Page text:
WASHINGTON Jan 22 U.S. consumers will likely
have to wait until 2015 or later to see a court-ordered
advertising blitz detailing tobacco companies' deception, a lag
of nine years after the original ruling, a court heard on
Tobacco lawyers said at the hearing in U.S. District Court in
Washington, D.C., that they planned to push forward with an
appeal about the wording of the ads, even after they struck an
agreement this month with the Justice Department and
anti-smoking advocates about what the ad campaign would look
like in newspapers and on television.
The companies have fought the lawsuit since President Bill
Clinton's Justice Department filed it in 1999, alleging the
cigarette makers engaged in racketeering by hiding from the
public the health consequences of tobacco use.
They lost the lawsuit and an appeal, and they were ordered
to place the ads, known legally as corrective statements. U.S.
District Judge Gladys Kessler said Wednesday the latest appeal
would likely delay the ads until 2015 or later.
"I'm of course concerned about the delays," Kessler told
lawyers at the hearing. "The bottom line is the public is not
getting what I would consider to be the benefit of the
Defendants Altria Group Inc, Lorillard Inc and
Reynolds American Inc argue that the proposed wording of
the ads would violate their free speech rights.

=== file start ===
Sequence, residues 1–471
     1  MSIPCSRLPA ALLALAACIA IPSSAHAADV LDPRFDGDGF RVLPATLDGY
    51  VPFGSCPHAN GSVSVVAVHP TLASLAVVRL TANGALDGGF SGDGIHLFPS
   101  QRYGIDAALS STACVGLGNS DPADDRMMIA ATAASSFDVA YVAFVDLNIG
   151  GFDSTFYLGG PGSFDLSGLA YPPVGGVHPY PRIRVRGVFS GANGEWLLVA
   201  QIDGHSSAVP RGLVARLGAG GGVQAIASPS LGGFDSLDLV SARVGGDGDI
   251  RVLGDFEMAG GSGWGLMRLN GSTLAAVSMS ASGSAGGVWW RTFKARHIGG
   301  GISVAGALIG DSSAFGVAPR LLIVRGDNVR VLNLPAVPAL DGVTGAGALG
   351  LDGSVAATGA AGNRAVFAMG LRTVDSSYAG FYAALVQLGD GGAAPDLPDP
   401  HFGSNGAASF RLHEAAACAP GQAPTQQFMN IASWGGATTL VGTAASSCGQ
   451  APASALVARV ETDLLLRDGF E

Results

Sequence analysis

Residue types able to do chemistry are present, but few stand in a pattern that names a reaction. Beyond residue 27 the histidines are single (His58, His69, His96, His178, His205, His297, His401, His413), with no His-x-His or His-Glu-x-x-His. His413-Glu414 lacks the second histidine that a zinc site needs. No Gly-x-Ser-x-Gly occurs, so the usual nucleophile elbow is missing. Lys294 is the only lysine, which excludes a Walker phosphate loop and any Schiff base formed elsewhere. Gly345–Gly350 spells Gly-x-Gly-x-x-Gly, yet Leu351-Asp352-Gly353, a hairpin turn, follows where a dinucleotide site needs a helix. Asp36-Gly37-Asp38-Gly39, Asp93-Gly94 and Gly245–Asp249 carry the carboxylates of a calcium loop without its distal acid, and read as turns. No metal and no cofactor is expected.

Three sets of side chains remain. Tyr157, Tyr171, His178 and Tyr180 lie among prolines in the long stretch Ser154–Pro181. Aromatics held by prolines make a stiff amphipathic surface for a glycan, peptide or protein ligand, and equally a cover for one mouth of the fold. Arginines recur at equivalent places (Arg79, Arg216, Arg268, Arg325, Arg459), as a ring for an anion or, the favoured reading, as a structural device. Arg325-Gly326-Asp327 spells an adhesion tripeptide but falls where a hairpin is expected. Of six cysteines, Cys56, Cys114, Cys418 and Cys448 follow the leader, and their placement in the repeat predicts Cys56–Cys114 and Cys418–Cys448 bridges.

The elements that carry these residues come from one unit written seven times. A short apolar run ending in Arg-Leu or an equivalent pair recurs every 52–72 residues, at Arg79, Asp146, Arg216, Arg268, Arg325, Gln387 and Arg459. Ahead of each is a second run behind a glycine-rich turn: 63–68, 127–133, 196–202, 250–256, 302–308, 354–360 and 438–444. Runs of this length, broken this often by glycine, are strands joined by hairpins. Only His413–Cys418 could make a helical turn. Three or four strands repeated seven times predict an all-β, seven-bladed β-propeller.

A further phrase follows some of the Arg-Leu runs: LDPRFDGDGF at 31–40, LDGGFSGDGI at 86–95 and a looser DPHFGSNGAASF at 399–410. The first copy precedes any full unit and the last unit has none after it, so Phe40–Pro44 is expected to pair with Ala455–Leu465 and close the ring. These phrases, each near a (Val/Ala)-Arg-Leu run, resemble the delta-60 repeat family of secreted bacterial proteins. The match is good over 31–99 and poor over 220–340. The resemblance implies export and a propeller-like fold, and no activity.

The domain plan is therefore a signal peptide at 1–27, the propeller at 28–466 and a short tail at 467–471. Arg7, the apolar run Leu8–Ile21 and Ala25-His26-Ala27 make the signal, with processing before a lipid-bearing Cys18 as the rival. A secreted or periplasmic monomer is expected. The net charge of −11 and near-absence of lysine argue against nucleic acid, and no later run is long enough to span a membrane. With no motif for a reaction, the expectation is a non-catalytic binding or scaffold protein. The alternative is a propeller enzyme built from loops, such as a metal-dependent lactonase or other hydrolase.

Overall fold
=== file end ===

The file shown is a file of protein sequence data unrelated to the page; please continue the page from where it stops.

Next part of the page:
One of the proposed ads begins: "A federal court has ruled
that the defendant tobacco companies deliberately deceived the
American public by falsely selling and advertising low tar and
light cigarettes as less harmful than regular cigarettes."
Kessler ruled for the government in August 2006. It has
since taken more time to implement her ruling than it did to
hold a trial and issue a judgment.
The next step is for Kessler to approve the logistics of the
proposed ad blitz. The sides agreed this month the campaign
would include a year's worth of network TV advertisements in
prime time, weeks of newspaper ads and more than a decade of
declarations on tobacco company websites. The agreement even
goes into details such as font and type size.
Once Kessler approves, a federal appeals court in Washington
is expected to take up the speech question and rule perhaps in
2015, according to an estimate Kessler made in court.
"It will take some time, your honor, but I think that
reflects the weightiness of the issues at stake," Noel
Francisco, a partner at the law firm Jones Day who represents
Reynolds American, told the judge.
A further appeal to the U.S. Supreme Court by whoever loses
on the speech question "seems entirely possible," Justice
Department lawyer Daniel Crane-Hirsch said.
Kessler said in 2012 that the ad campaign would not violate
the companies' speech rights because the wording is factual and
Crane-Hirsch and tobacco lawyers warned Kessler the process
could take even longer if she were to modify the logistics of
the ad campaign that they have hammered out. Fox Broadcasting Co
and the National Association of Black Owned Broadcasters, for
example, have filed court papers asking that some of the ads go
on their networks.
Separately, the sides are still arguing over how tobacco
companies should change their advertising at points of sale.
Howard Crystal, a lawyer who represents anti-smoking
advocates as part of the lawsuit, urged Kessler to move quickly.
"We'd like to get finality," he said.
Early in the long-running case, the Justice Department hoped
to extract $280 billion from the companies to pay for a smoking
cessation program and other remedies.
It later dropped the demand to $14 billion, and then Kessler
ruled she could not force them to pay for such a program at all.
The case is USA v. Philip Morris USA, et al, U.S. District
Court for the District of Columbia, No. 99-cv-02496.